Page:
She pulled her pink hoodie over her damp brown hair and shoved open the car door. All of her earthly belongings were jammed into her compact car, but her primary necessities were in a red polka-dot carry-on she'd kept on the passenger seat beside her. Wrestling that suitcase past the steering wheel, she started toward the front door. Mud splashed on her black platform sandals. No big tragedy, these shoes were past their prime.
The mountain sounds bore no resemblance to the hum of people and cars and electricity in Brooklyn. Out here, she could hear the splat of the raindrops, the rustle of wind through the branches of a leafy tree at the side of the house andas she stepped onto the porcha heavy thud like a door slamming. Had that sound come from inside the house?
She stood very still and listened with her ear against the door. She heard a creak and a shuffle as though someone was walking on tiptoe, trying not to be heard. But that couldn't be right. Nobody was supposed to be here. The lawyer had told her that the house wasn't occupied. Did she have an intruder? A squatter?
Her phone was dead so she couldn't call 911 for help. She'd have to face this threat by herself. Okay, fine. I'm from the big city. I know how to handle muggers. First rule, don't get too close. Second, make a loud yell to startle them. Rule number three, run like hell.
But where could she run? Turning around on the porch, she squinted through the misty rain until she saw the lights of another house in the distance. All she had to do was drive to the neighbor's place.
Listening again, she didn't hear another sound. Maybe she'd imagined the slamming door and the squeaky floorboards. If there wasn't really an intruder, she'd feel like a dope, running away from an invisible boogeyman.
She cleared her throat and pitched her voice to a low, authoritative level. "Hello? Is anybody here?"
Setting her suitcase to one side, she turned the key in the front door until it clicked. When she eased the door open, the hinges whined. An old house like this was bound to make creaks and thumps and rustles. Stepping across the threshold, she reached for the place beside the door where a light switch ought to be. Her fingers glided down the wall. No switch.
The faint light from a couple of stars peeking around the edge of the clouds shone on the carpeted floor in the entryway. The curtains were drawn inside the house, making the interior even darker than outside. She stumbled into a large room, walking like a blind woman with her arms out in front of her until she bumped into a table with a lamp. Groping along the base, she found the switch and turned it on.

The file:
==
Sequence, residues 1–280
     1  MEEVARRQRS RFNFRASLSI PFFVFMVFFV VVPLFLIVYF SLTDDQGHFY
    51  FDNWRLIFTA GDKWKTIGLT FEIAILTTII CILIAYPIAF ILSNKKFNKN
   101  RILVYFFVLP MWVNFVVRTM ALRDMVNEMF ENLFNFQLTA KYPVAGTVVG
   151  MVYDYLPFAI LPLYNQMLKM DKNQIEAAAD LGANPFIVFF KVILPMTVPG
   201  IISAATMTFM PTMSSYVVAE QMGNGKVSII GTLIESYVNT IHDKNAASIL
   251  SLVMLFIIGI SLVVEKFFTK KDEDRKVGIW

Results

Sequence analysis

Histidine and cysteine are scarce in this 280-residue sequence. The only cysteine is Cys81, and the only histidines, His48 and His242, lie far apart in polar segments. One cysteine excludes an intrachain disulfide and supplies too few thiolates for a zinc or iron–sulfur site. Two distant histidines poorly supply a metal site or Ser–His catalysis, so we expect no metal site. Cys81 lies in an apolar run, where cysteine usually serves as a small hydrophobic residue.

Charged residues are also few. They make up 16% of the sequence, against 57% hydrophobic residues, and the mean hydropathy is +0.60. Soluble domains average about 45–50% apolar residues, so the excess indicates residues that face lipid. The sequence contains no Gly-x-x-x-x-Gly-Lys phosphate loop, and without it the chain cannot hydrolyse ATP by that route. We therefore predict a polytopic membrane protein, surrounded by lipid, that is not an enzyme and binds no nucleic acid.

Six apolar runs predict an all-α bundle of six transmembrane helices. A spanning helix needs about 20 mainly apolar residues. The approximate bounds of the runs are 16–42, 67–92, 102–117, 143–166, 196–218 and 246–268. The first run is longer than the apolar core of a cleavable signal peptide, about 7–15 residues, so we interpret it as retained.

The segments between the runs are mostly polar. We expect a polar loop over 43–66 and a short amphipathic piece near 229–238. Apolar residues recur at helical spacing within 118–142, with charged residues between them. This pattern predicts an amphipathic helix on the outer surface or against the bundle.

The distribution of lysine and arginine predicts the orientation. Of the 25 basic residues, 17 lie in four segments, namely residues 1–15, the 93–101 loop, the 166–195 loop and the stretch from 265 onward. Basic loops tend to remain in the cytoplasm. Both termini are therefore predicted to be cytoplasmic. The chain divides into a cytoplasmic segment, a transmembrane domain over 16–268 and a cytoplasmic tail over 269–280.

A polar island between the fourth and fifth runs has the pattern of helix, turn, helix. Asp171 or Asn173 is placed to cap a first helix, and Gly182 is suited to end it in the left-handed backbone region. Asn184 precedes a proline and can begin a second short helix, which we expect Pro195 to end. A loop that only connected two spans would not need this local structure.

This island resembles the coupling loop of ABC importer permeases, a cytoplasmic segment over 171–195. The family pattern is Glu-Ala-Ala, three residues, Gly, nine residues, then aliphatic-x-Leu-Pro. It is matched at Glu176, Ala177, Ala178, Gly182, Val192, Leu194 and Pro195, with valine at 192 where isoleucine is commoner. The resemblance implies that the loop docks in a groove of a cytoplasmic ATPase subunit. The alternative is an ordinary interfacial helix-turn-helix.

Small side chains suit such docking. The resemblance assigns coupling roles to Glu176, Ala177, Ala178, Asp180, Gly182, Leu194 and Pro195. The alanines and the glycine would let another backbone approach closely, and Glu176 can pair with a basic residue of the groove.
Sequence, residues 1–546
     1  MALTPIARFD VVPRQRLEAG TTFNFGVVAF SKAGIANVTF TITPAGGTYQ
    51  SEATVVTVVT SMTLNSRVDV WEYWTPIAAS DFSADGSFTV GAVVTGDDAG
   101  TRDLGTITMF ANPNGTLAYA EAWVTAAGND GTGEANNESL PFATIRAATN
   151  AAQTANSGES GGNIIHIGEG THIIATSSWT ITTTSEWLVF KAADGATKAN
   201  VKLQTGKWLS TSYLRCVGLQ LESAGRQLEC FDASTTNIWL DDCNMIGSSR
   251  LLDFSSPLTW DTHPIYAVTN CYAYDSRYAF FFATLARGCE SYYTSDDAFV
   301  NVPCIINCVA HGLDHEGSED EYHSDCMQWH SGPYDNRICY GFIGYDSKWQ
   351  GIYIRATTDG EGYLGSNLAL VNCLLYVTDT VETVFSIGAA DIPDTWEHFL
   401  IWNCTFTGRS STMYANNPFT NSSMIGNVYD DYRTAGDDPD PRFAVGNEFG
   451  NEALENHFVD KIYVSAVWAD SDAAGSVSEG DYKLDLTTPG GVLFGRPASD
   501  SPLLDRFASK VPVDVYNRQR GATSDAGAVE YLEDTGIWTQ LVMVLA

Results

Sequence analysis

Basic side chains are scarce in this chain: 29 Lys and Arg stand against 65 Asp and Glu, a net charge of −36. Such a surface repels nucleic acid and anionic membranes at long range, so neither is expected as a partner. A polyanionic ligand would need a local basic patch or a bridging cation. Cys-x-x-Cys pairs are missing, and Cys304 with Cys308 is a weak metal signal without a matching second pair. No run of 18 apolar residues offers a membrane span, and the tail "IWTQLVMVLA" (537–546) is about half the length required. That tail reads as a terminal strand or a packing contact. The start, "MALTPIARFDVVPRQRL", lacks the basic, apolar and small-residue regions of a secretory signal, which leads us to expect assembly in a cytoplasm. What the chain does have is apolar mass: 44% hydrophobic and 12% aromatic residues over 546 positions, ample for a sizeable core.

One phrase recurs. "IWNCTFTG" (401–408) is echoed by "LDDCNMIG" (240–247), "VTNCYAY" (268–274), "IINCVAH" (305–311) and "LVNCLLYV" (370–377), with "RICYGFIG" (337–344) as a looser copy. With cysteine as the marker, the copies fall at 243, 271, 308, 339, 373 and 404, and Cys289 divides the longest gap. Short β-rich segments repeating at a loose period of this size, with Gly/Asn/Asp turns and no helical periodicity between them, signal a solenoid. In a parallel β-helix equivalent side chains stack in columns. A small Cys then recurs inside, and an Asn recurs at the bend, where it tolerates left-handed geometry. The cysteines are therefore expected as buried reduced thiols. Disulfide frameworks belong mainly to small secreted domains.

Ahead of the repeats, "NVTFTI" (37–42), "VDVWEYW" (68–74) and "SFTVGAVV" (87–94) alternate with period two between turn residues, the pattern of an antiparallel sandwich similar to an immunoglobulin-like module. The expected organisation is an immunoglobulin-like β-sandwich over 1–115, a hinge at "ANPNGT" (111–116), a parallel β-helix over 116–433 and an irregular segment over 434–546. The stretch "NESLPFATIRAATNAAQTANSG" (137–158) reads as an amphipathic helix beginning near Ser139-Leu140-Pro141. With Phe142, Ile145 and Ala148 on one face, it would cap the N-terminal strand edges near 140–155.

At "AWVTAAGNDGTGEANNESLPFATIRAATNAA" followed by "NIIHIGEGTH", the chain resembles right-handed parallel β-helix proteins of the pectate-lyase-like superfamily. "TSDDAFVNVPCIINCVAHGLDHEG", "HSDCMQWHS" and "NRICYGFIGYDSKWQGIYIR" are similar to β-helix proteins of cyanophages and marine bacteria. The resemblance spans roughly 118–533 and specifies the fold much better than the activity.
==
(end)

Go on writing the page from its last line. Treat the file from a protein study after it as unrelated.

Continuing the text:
A pale glow lit up the parlor. Her great-aunt Michelle had been an artist and was fairly successful, even had some showings in Manhattan. Her taste showed in the eclectic furnishings, which were a crazy combo of claw-foot tables, sleek-lined sofas and jewel-toned pillows.
"Nice," Gabby said. In spite of the desolation, she could get used to living in a place like this.
From the corner of her eye, she saw movement and whirled around. Standing on the carved, wood staircase in the entryway was the figure of a brown-haired woman in a long, white gown. Not a zombie. Maybe a ghost? Gabby blinked. Was Great-Aunt Michelle haunting the place?
"Who are you?" the ghost demanded.
"Me? Who are you?" Gabby shot back.
"This is my house." Gabby's fingers tightened on the pepper spray. Ghost or not, this person was skinny and the voice was female. If this came down to a physical confrontation, Gabby liked her odds.
In a rush, the ghost descended the staircase. Her long, stringy hair fell past her shoulders almost to her waist. On the landing that was three steps up from the wooden newel post carved in the shape of a gargoyle, the ghost reached down. When she stood, she was holding a rifle.
"Now," the ghost said. "Tell me who you are."
The odds had shifted. Gabby had the good sense to be scared. She raised her hands beside her head and moved toward the staircase. If she could get past the ghost to the open door, she could run to her car and drive to the neighboring house, like she should have done when she first arrived.
"Take it easy," Gabby said. "My name is Gabriella Rousseau. Michelle was my great-aunt."
"You better have some identification."
"No problem." She was almost to the entryway. "My wallet is in my car."
"Don't take another step."
This girl in the long nightgown couldn't have been more than sixteen or seventeen, and she looked upset. Her eyes were red-rimmed as though she'd been crying. Maybe all she needed was a friend. Gabby tried a smile as she inched her way forward. "How about you put down the gun?"
"I told you not to move."
"Okay, sure." She kept her eye on the bore of the rifle. "You've got nothing to worry about. Look at me. Do I look dangerous?"